In Pakistan, descendants of lower-caste Hindus who converted to Christianity centuries ago still find themselves marginalized, relegated to dirty jobs and grim fates.
Indian waste pickers are struggling to obtain information or equipment to inform and protect them during the coronavirus pandemic. Thomson Reuters has run this article by IDSN Ambassador Aidan McQuade and IDSN’s Ritwajit Das, looking at the current challenges faced by Dalit waste pickers in India. While this article looks at India, similar situations are found in other South Asian countries.
Manjula Pradeep, human rights activist and founder of Wayve Foundation on caste and women's labour speaks about the unique situtation of Dalit women in relation to labour and modern slavery.
DSN leaves its mark on the UN Business and human rights forum with a very popular stand, highlighting the links between caste and human rights violations in global supply chains. At the stand Dalit human rights defender Ankita Paudel from IDSN member organization, Feminist Dalit Organisation – Nepal (FEDO), and IDSN staff, spoke with participants to improve their understanding and urge them to take action. Ms. Paudel also took part in key events at the forum and made connections with other relevant stakeholders. The IDSN Director, Meena Varma, also gave a snapshot presentation on what Governments can do to start addressing these issues with businesses and IDSN Ambassador, Gerard Oonk, made important new connections and raised awareness of key stakeholders.
Human rights issues related to caste in global supply chains was a key theme at the seminar on vulnerable workers, held in Copenhagen on 12 November, organised by IDSN, the Danish Ethical Trading Initiative (DIEH) and the Ethical Trading Initiative (ETI) in the UK. ETI Director, Peter McAllister launched the ETI Caste in Global Supply Chains guidance at the seminar saying. “I am proud and honoured to be here to launch the ETI Base Code Guidance on Caste in Global Supply Chains today … caste underpins so many elements of vulnerability that we must engage with caste issues if we want to address vulnerability,” Mr. McCallister stated.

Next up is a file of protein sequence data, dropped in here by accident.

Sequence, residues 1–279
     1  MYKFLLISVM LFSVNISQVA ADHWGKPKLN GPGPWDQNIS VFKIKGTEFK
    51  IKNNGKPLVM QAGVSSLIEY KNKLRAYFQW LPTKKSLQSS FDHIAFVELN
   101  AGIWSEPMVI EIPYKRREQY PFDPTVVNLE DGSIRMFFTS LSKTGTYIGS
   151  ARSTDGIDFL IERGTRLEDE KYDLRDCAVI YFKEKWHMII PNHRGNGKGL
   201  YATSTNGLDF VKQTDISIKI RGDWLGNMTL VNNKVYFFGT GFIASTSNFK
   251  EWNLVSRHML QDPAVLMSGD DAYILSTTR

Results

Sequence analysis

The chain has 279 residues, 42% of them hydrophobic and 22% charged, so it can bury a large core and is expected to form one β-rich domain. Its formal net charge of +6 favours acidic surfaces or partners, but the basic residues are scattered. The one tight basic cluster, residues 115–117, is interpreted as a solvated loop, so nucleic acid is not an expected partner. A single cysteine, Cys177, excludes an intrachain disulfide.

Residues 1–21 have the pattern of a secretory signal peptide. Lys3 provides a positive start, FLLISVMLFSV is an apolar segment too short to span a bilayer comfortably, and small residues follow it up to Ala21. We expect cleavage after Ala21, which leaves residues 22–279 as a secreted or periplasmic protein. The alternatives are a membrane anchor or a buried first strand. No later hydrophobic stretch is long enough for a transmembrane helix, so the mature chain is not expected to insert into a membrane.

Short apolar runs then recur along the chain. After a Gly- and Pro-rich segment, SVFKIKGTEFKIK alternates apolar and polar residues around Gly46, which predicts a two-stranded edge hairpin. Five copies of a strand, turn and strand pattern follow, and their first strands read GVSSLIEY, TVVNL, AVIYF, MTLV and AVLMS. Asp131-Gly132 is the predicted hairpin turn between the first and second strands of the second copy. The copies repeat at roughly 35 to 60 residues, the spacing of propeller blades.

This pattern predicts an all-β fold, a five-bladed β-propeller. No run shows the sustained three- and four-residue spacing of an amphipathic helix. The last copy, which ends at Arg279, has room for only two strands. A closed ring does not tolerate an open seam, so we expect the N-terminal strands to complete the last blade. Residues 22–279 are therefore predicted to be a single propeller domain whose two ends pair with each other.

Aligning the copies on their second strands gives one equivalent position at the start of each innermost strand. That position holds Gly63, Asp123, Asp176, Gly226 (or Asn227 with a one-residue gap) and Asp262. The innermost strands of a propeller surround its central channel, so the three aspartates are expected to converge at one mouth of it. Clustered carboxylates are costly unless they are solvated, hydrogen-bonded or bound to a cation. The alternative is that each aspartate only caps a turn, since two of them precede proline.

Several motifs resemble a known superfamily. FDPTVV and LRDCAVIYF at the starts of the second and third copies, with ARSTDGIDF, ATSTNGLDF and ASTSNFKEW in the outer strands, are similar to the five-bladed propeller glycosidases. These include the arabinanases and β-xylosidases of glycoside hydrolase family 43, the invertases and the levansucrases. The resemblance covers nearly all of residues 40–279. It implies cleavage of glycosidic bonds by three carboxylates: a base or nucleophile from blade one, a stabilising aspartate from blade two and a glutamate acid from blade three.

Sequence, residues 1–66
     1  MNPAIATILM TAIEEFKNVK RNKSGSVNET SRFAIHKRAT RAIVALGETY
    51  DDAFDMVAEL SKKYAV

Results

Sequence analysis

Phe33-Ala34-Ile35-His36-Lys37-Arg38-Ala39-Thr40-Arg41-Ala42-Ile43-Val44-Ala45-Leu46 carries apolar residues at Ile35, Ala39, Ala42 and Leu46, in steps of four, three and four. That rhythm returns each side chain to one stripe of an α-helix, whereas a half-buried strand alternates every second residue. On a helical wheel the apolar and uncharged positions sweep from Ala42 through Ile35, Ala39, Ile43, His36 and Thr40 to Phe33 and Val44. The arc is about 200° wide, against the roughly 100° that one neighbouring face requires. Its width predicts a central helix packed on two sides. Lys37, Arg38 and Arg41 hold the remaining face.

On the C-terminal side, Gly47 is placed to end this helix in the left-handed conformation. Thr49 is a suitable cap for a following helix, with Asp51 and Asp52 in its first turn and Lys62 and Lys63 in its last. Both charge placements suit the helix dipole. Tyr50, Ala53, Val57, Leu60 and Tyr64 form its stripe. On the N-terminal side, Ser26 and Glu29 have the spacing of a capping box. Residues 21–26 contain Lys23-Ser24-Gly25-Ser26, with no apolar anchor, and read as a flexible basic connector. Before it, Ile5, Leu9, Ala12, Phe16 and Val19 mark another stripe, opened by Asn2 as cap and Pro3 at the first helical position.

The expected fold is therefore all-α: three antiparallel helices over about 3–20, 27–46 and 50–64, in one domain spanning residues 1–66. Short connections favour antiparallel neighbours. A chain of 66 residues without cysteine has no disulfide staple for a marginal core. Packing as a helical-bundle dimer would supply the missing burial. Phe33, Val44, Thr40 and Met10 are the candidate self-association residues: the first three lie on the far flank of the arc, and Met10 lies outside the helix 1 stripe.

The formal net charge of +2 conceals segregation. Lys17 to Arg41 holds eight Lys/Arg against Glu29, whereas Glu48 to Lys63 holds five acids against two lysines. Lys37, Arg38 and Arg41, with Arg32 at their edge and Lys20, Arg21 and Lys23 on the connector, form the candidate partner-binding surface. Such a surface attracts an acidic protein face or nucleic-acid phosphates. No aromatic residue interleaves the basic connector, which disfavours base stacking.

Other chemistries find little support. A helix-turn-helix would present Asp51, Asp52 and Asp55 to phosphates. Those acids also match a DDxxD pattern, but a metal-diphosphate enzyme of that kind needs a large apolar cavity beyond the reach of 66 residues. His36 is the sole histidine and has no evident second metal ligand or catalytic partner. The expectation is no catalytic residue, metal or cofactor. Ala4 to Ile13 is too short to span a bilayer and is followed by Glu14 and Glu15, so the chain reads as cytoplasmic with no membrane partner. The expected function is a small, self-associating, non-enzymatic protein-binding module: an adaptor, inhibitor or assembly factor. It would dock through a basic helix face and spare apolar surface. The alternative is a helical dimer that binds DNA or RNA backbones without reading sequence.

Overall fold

Henri Tiphagne, member of the IDSN board, represented IDSN in the Global Consultation on National Human Rights Institutions and access to remedy (Project on the Role of NHRIs in facilitating access to remedy for business-related human rights abuses), on the 10 and 11 October. This consultation is part of an ongoing project of the Office of the High Commissioner for Human Rights (OHCHR) about accountability for human rights. violations and abuses committed by corporations.
A new report by Homeworkers Worldwide finds Dalit women working in global leather supply chains being subjected to discrimination, insecure work, low wages and labour rights abuses, including sexual harassment.
IDSN has contributed to the UN Human Rights Council’s 42nd Session with two joint statements with Minority Rights Group International (MRG) on slavery and on safe drinking water and sanitation. IDSN also issued specific recommendations aimed at states and circulated by IDSN.